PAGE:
According to a new report from Harvard’s Joint Center for Housing Studies titled America’s Rental Housing 2020 found that despite record high rental construction rates, rapid declines in low-cost units, wage stagnation, and rising rents continue exacerbate the housing crisis low-income renters are facing. The study finds that in 2018, the cost-burdened share of renters, those paying more than 30 percent of income on rent and utilities, was greater than 40 percent in 46 states, with seven states exceeding 50 percent.
The study notes a sharp reversal in rental housing trends where demands shifted from predominately low- and middle-income renters to high-income renters, significantly impacting new construction. The report finds that the median asking rent for units completed in between June 2018 and June 2019 was $1620, which is “37 percent higher, in real terms, than the median for units completed in 2000.”
This coincides with a dramatic decline in low-cost units, renting for under $600, and a decline even among modest units renting for between $600 and $999. Specifically, the share of low-cost units dropped from 33 percent in 2012 to 25 percent in 2017.
The outcome of this trend is that 10.9 million renters—one-in-four renter households—spend more than half their incomes on housing in 2018.1 This is especially burdensome for low-income families, who subsequently face higher housing instability with fewer resources left to pay for necessities, such as food and healthcare.
The report also outlines how the nation’s rental housing crisis disproportionately impacts minority communities noting, “Black renters had the highest burden rate in 2018 at 55 percent, followed closely by Hispanic renters as 53 percent, and then by Asian/other renters at 45 percent.” That is contrasted to 43 percent for white renter households. The study finds this trend is consistent even controlling for income.
The federal government is struggling to meet the demand. In 2018, the Department of Housing and Urban Development’s (HUD) funding for rental assistance grew from $37.4 billion in 2013 to $40.3 billion. In reality, it is just an average annual increase of 1.5 percent.2 Due to the discrepancy, three out of four of the 17.6 million eligible households do not receive rental assistance.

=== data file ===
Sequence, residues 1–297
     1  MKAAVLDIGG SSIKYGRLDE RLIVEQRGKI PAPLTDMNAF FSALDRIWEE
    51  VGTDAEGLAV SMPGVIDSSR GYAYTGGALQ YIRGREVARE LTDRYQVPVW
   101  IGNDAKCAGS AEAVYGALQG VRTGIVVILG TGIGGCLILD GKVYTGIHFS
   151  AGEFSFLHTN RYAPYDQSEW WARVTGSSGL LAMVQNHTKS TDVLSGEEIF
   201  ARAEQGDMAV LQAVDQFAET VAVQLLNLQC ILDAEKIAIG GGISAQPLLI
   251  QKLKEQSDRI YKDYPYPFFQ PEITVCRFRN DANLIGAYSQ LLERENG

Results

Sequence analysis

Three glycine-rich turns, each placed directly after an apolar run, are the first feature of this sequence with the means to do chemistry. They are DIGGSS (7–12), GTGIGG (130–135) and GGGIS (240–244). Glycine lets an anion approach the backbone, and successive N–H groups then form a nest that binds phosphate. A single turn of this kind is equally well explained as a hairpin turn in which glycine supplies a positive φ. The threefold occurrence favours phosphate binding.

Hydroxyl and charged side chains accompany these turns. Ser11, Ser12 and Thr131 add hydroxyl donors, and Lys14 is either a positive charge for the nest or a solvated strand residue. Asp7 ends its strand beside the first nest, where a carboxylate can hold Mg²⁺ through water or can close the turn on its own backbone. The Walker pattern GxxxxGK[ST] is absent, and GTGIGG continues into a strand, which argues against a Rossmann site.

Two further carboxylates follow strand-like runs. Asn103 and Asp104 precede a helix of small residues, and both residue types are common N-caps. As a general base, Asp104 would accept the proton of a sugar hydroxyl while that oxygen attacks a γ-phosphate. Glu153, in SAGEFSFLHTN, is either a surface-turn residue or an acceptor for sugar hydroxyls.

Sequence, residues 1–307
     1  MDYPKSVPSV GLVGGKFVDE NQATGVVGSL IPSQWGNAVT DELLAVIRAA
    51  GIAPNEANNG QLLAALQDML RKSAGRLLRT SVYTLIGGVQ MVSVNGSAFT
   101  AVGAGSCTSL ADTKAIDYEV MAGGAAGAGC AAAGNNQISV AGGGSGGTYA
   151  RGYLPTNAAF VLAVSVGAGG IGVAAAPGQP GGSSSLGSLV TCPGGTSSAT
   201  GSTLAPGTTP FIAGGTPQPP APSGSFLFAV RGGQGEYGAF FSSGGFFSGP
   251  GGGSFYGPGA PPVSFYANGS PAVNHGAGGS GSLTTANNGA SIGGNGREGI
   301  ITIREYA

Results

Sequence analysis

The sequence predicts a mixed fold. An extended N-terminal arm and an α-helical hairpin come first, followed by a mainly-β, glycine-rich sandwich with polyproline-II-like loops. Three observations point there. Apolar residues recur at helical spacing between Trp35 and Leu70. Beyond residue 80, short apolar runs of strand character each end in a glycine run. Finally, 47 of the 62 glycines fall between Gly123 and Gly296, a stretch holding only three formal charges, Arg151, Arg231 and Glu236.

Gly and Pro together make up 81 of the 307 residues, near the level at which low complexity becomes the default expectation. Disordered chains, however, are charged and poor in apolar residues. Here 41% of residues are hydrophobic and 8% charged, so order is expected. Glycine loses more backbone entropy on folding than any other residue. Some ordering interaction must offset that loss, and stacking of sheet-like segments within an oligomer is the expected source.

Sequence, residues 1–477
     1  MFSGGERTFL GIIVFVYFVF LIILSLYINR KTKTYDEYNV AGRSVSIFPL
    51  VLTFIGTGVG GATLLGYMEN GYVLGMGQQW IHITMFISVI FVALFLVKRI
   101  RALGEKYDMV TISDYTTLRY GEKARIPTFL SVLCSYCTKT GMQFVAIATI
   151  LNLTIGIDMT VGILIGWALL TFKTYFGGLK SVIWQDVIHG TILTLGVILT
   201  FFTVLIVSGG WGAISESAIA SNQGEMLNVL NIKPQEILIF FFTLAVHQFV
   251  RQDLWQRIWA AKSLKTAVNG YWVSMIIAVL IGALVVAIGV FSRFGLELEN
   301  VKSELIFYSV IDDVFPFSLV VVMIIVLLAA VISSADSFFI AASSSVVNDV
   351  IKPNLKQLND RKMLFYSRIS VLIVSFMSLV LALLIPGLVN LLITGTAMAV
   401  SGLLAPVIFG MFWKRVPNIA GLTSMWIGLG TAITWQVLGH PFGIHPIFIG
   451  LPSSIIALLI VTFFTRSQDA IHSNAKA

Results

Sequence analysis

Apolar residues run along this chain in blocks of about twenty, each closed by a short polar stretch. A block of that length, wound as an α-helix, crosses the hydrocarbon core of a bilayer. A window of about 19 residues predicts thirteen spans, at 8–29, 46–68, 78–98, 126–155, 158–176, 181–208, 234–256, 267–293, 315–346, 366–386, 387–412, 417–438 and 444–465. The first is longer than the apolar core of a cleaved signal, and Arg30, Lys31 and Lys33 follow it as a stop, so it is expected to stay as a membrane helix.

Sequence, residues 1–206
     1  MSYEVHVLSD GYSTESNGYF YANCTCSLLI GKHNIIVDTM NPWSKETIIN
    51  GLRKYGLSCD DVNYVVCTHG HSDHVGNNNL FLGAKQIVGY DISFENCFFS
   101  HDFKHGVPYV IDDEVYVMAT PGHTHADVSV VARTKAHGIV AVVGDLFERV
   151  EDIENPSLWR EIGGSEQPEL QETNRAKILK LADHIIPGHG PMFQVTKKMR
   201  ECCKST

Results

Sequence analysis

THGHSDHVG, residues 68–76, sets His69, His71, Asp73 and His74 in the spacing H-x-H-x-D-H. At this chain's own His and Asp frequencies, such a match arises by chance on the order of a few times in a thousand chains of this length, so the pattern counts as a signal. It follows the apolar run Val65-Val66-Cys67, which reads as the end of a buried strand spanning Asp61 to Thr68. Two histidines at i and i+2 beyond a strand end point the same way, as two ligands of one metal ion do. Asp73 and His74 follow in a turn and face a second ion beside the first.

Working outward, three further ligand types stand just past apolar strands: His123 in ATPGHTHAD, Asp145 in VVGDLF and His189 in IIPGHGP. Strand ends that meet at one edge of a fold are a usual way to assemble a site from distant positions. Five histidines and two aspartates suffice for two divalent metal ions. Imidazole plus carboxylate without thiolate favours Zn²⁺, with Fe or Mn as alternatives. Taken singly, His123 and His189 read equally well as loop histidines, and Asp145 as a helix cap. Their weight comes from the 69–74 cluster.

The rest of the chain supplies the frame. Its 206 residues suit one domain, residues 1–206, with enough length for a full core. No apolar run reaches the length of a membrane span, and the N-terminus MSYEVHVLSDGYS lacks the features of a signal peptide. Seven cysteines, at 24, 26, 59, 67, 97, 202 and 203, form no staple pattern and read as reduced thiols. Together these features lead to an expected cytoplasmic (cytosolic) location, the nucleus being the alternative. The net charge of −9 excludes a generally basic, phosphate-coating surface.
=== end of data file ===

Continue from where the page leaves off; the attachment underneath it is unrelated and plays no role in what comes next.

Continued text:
Key Findings include:
Income Inequality in America Continues to Rise
- In the past 30 years, the average income of the top fifth renters grew by 40 percent, while the bottom fifth fell by 6 percent. The income disparities between the highest and lowest renters grew from 12 times to 18 times.
The Stock of Low Cost Units is Shrinking. The Supply of High Cost Units Continues to Grow.
- Regulatory barriers, labor shortages, and local resistance to high-density development restrict the construction of rental housing that even middle-income households can afford.
An Increasing Number of American Families are Cost-Burdened.
- In 2017, 208 million US households were spending over 30 percent of their incomes on housing. 10.9 million US Households were severely burdened, spending over 50 percent of their income on housing.
- The study notes that homelessness is on the rise after falling for the previous six years and notes high-cost burden can lead to evictions and homelessness. The report cites the 2017 American Housing Survey finding that 1.9 percent of all renter households—including 1.4 million adults and 810,500 children—reported being threatened with eviction within the previous three months.
- The number of cost-burdened renters households remains high especially for minority households. In 2018, Black renters had the highest cost-burden rate closely followed by Hispanic and Asian renters.
Scarcities in Affordable Rental Housing.
- The scarcity in the supply of affordable housing is forcing 17.6 million very-low-income renters, earning less than 50 percent of area median income, to compete for an extremely limited supply of housing affordable for their budget.
- The supply of federally subsidized unit has not increased in a meaningful way since 2010.
- In 2019, unit vacancy rates hit 6.8 percent, the lowest since the 1980s.
- Affordability restrictions on 935,000 federally subsidized rental units are set to expire by 2030 and nearly 50,000 federally subsidized units nationwide were converted to market rate between 2014 and 2018.
Though the rental crisis has moved cities and states to implement new policies and has caught the attention of the biggest tech companies, universities, and hospitals, their efforts are not enough to address the scale of the problem at hand. The report’s findings emphasizes the urgent need for large-scale federal investment in quality affordable rental housing and reducing barriers to affordable housing development. The Inclusivity Institute also believes this is a critical time to explore new, innovative multi-sector strategies expand access to and preserve affordable housing.We aim to do work towards those solutions with a focus on decreasing concentrations of poverty and reducing racial inequality in our housing markets.